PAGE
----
For Something Simple, Minimal Design Sure Is Complicated
THERE’S A RUMOR going around about minimal graphic design. “A lot of people say it’s really easy,” says Stuart Tolley, who runs a design studio in Brighton, England, called Transmission. “A lot of people say you just rely on Helvetica, or white space. And I completely disagree.”
Perhaps you know, or are, one of these people who feels fatigued by how trendy it’s become for companies to use stripped down design to convey friendliness, or force icon status. But minimal design, as Tolley sees it, isn’t simply a matter of ‘less stuff.’ It’s an exercise in economy of expression. To argue his point, Tolley wrote a book. MIN: The New Simplicity in Graphic Design is a catalog of branding, packaging, and editorial work. Every entry is understated in style, and was created within the past four years; but the 160 designs featured in the book, available now from Thames & Hudson ($35), vary broadly.
“I wanted to prove that minimal design can be really experimental,” Tolley says. To create the right mix, he self-imposed a few curatorial rules. First, no personal projects. Everything in the book should be representative of work that made it to market. Second, no retro designs. To prove that clean design is fresh and smart, Tolley would need to demonstrate that it has evolved from the 1950s-era Swiss Style that helped make typefaces like Helvetica and Akzidenz Grotesk popular. The examples Tolley picked fall into one of three stylistic categories: reduction (in which work is stripped down in creative ways), production (in which the character of the work comes from the tactile quality of print, rather than graphic design elements), and geometry (in which shapes feature prominently).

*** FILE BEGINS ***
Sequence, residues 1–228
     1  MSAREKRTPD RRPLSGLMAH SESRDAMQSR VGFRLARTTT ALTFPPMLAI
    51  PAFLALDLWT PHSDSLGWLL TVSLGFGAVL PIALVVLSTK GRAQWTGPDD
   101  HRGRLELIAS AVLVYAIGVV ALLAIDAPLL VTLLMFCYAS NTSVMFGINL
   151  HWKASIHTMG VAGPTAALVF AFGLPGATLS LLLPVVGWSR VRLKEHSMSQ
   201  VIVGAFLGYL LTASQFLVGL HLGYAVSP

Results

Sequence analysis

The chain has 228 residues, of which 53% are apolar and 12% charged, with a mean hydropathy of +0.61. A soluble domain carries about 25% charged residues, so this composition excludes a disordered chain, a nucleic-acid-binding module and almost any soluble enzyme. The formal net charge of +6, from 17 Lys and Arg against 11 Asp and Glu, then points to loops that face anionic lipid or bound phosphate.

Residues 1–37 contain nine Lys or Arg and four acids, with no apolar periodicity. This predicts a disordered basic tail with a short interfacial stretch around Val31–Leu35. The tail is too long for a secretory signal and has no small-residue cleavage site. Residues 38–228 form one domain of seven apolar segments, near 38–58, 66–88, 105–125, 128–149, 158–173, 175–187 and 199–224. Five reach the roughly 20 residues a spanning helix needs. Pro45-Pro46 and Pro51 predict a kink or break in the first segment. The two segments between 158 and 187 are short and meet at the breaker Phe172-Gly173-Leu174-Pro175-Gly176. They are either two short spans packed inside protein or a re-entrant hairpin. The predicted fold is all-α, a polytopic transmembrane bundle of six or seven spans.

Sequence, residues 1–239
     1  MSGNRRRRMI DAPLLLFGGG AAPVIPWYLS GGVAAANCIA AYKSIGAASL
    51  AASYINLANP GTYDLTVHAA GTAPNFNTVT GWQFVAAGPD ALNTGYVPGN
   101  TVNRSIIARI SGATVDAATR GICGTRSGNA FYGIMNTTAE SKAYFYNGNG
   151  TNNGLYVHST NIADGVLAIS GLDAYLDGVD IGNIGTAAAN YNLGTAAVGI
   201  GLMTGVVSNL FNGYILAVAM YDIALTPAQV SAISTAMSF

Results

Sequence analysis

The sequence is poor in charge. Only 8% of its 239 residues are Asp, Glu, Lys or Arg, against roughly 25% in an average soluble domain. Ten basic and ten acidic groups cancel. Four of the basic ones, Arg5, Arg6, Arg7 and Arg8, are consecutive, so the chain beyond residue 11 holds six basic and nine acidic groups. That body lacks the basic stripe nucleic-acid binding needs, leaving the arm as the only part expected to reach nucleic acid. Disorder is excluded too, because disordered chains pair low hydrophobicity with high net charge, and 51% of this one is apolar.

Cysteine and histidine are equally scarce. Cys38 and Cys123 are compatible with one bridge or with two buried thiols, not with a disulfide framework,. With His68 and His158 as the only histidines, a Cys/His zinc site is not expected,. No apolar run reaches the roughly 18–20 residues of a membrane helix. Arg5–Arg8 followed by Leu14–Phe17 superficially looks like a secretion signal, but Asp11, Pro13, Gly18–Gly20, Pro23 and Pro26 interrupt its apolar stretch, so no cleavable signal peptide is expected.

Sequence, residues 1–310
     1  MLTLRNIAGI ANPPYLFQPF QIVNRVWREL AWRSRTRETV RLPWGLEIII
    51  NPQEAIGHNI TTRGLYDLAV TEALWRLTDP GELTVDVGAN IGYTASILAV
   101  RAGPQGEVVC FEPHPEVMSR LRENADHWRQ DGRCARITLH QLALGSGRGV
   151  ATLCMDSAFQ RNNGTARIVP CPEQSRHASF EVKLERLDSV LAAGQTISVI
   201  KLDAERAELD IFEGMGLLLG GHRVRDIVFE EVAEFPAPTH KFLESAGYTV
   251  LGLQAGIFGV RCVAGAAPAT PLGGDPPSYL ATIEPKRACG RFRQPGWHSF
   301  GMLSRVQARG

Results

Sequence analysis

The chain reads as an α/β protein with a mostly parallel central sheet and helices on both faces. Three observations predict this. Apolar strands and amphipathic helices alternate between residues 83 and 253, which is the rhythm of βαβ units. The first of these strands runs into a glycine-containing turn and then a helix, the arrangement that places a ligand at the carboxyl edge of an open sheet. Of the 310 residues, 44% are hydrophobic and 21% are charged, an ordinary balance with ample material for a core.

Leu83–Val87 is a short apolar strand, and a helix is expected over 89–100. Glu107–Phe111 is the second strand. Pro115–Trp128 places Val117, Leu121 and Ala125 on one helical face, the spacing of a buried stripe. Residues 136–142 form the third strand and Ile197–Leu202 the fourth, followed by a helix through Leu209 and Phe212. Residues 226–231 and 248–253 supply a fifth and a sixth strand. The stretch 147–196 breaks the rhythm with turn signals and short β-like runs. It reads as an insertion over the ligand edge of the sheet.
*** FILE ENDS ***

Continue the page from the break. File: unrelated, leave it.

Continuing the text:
There’s a lot to choose from these days; pared down design is having a moment. “I’ve been looking into why simplicity is becoming quite important,” says Tolley, who has a few theories. “I think a lot of people are inspired by using iPhones and iPads.” There’s also the natural ebb and flow of design trends. Not so long ago, maximalist, ornamental design was the status quo.
Here’s a quick example: in 2011, Warby Parker co-founder Andy Katz-Mayfield had a mediocre shopping experience at a drugstore, while trying to pick up razors. The branding was part of the problem: men’s shaving merchandise tends to come wrapped in extreme, metallic, turbo packaging. The design work could easily be for NASCAR. Not all men identify with this persona, Katz-Mayfield reasoned, so why not create a shaving brand for a more classic sort of gentlemen? Soon after, he and another Warby Parker founder launched Harry’s, a low-frills brand that sells simply shaped razors in simply decorated boxes.
Harry’s isn’t featured in MIN, but it embodies a shift towards palate-cleansing design shared by a range of goods showcased in the book. There’s a line of food products that come in stark, all-white packaging. Cut-outs let consumers see the actual food, letting the product sell itself. The Gentlewoman, a beautiful magazine that launched in 2010, could be seen as an antidote to the exclamatory neon layouts found in other women’s periodicals lik eCosmopolitan or Glamour. The Japanese brand Askul even carries batteries with no design other than a color and a number that connotes the size.
That’s the look for now. Soon, Tolley says, the tide will turn back. “In the next few years, there will be a more expressive graphic trend that comes up.” In that light, MIN is like a time capsule for this particular era in graphic design—one characterized by an aesthetic that is simultaneously computational and artisanal, and bold in its simplicity.
Article Written By: Margaret Rhodes0